The cuisine of Iceland, has a long history. Important parts of Icelandic cuisine are lamb, dairy, and fish, due to Iceland's proximity to the ocean. Popular foods in Iceland include skyr, hangikjöt, (smoked lamb) kleinur, laufabrauð and bollur.
Þorramatur is a traditional buffet served at midwinter festivals called Þorrablót and containing a selection of traditionally cured meat and fish products served with rúgbrauð (dense dark and sweet rye bread) and brennivín (an Icelandic akvavit). Much of the taste of this traditional country food is determined by the preservation methods used;pickling in fermented whey or brine, drying and smoking.
Modern Icelandic chefs usually
place an emphasis on the quality of the available ingredients rather than age-old cooking traditions and methods. Points of pride are the quality of the lamb meat, seafood and (more recently)
Animal products dominate Icelandic cuisine. Popular taste has developed, however, to become closer to the European norm, and consumption of vegetables has greatly increased in recent decades while consumption of fish has diminished. Fresh lamb meat remains very popular while traditional meat products, such as various types of sausages, have lost a lot of their appeal with younger generations.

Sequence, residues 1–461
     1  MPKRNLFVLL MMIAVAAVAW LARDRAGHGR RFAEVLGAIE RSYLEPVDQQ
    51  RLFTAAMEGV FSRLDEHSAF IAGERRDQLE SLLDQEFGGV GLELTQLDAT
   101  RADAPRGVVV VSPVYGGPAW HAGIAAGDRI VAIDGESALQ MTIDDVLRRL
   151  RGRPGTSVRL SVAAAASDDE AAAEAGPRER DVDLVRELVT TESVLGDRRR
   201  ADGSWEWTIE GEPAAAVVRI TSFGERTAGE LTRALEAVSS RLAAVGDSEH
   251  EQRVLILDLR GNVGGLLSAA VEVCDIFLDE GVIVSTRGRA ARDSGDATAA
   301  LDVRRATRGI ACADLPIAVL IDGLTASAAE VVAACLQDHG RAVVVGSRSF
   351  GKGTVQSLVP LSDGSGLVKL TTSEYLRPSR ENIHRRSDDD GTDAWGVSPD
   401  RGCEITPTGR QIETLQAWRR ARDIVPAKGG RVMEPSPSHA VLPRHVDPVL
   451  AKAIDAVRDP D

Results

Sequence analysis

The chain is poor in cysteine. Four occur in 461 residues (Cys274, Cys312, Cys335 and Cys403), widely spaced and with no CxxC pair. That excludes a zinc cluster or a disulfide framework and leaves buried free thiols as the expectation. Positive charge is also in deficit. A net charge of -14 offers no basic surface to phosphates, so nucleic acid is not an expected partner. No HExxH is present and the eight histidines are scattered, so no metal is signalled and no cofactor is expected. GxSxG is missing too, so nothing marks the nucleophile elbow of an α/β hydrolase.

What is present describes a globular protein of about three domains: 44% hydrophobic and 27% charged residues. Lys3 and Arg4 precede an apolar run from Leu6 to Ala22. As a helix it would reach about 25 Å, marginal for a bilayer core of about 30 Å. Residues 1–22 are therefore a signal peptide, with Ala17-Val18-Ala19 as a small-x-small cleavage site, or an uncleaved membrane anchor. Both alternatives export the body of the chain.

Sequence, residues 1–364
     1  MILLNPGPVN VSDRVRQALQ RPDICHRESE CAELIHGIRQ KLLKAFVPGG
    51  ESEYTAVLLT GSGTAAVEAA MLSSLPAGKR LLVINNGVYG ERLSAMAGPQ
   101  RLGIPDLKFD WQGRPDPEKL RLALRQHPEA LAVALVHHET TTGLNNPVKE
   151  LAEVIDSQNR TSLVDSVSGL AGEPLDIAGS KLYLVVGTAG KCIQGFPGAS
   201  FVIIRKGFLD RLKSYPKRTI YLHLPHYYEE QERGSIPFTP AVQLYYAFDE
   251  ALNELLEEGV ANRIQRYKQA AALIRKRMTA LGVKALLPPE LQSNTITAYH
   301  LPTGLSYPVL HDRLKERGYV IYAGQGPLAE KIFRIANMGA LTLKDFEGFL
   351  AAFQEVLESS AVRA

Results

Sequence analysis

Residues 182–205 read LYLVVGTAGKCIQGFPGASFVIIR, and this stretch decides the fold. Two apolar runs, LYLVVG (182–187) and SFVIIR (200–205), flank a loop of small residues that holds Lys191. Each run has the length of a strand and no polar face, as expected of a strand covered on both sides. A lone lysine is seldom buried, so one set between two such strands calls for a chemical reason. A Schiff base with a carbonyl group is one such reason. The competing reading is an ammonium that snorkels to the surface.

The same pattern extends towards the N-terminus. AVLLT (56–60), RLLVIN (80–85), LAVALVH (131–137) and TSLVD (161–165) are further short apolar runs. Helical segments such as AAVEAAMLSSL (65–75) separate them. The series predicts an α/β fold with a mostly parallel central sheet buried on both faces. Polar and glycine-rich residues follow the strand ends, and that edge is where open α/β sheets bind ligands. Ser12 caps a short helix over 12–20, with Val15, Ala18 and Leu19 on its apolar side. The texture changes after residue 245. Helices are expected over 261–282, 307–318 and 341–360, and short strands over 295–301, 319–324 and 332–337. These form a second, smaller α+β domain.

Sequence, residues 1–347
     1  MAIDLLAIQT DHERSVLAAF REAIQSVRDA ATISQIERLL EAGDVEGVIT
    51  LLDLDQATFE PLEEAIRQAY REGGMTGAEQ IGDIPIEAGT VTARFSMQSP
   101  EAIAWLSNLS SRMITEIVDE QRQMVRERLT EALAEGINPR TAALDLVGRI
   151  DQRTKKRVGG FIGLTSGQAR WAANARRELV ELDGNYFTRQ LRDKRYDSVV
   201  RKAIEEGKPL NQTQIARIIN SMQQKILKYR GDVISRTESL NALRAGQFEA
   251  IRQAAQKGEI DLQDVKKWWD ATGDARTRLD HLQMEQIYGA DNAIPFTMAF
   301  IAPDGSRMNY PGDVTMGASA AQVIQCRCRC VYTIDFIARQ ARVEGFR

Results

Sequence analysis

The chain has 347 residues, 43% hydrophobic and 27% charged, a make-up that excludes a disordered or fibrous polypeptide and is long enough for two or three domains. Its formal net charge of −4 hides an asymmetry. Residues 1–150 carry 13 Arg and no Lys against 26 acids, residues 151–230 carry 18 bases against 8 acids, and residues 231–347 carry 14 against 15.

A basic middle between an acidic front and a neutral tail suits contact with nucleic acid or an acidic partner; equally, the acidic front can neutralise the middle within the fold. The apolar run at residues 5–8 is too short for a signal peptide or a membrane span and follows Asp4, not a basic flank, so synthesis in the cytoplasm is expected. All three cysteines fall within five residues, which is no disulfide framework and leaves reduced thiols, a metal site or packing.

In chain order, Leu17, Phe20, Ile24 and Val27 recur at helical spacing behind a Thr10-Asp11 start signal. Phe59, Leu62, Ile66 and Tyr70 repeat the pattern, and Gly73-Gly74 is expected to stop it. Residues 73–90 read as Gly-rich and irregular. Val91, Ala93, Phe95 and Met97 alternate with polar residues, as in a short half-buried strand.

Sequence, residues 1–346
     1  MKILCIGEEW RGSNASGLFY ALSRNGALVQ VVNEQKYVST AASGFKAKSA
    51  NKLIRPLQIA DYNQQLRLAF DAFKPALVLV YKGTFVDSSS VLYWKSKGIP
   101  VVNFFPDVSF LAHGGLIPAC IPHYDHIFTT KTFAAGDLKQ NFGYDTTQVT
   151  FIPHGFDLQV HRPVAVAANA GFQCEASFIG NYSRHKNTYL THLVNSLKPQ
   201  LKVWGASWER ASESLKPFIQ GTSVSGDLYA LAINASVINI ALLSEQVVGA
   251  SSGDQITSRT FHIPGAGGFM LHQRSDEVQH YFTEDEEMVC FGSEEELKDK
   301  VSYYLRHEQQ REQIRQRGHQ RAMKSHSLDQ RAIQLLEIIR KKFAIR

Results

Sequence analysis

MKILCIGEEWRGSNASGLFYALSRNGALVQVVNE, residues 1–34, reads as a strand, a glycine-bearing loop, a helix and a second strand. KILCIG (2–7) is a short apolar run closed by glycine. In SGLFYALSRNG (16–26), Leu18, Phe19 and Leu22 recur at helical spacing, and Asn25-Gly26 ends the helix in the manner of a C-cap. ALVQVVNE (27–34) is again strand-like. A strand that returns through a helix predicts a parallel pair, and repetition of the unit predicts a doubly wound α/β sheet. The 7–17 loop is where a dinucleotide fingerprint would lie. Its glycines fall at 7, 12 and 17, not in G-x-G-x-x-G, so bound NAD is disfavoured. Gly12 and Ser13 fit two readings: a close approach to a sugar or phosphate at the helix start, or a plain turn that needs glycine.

We cant talk about Icelandic food without meantion the Hot-dog. When ever you have an opportunity you should go to a Hot-dog stand and ask
for "Eina með öllu", - one with everything. It come with 2 different type of onions, fried, crispy ones and a raw onion, different type of sauses and mustard. The sausage itself lay on
top of all this in a tasty bread bun.
Verði þér að góðu!